Research has been focused on different types of scaffolds that show biological components [42,43]. These implants are, unfortunately, expensive, so scaffolds that do not contain so-called “biologics” provide significant advantages. They are adequately manufactured to collect and recruit cells from the tissue placed in the scaffold vicinity to enhance new bone formation. The use of adequate bioactive agents can sometimes be helpful for recruitment of cells with osteogenic characteristics [42,44]. As a result, the of mineralized matrices occurs in the entire implant structure [45,46]. A high amount improves the regenerative process. Angiogenesis is another essential aspect that sustains the needs of the new tissue [47].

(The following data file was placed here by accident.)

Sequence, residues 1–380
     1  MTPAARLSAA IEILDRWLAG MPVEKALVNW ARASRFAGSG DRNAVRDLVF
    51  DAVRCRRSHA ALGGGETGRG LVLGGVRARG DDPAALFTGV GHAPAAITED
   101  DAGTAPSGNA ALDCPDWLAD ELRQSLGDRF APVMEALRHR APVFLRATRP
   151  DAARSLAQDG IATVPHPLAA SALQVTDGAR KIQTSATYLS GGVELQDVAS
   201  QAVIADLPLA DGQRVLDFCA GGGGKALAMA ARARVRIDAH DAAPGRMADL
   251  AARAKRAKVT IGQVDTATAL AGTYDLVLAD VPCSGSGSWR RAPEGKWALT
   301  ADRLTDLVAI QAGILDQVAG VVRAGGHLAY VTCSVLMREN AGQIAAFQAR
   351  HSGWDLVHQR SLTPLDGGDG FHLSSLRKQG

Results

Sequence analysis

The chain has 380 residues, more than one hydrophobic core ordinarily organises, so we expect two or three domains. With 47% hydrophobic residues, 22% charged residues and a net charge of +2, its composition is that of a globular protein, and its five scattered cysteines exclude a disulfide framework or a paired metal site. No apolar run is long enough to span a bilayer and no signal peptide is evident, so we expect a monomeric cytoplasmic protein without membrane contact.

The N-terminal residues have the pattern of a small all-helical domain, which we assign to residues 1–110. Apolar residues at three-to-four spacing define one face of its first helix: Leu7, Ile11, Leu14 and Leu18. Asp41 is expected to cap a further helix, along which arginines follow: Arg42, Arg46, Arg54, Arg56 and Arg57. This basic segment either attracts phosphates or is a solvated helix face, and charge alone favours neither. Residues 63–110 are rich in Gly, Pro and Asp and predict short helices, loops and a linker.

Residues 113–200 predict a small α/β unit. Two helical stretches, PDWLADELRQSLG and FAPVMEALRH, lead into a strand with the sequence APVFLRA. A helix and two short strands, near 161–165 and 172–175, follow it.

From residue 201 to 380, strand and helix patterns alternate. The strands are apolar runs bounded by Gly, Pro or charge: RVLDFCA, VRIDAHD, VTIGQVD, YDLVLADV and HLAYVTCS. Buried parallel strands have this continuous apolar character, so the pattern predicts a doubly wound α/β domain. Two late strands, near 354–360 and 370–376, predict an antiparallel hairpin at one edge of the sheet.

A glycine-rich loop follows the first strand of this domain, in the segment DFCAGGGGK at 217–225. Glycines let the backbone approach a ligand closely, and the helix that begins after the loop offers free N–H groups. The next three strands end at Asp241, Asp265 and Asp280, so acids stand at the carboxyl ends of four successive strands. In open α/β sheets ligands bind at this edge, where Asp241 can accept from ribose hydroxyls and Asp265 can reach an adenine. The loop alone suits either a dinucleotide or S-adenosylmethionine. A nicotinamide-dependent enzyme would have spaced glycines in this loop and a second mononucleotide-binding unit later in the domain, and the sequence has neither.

Bioactive materials such as bioglass and calcium-phosphate-based ceramics are usually used in bone tissue engineering. They interact with natural tissue through an ion-exchange reaction, which leads to the formation of an active apatite layer on the scaffold [48,49]. Hydroxyapatite and tricalcium phosphate are biodegradable and begin to dissolve when introduced into human or animal bodies. Due to an increased similarity with human bone, scaffolds can be manufactured from bioactive ceramics that are corrosion-resistant, osteoconductive, and biocompatible [42]. Their main disadvantage is related to the fact that they are brittle and porous, and an increased risk of fracture can be foreseen. The most commonly used ceramics in BTE are hydroxyapatite, calcium phosphates, and β—tricalcium phosphate.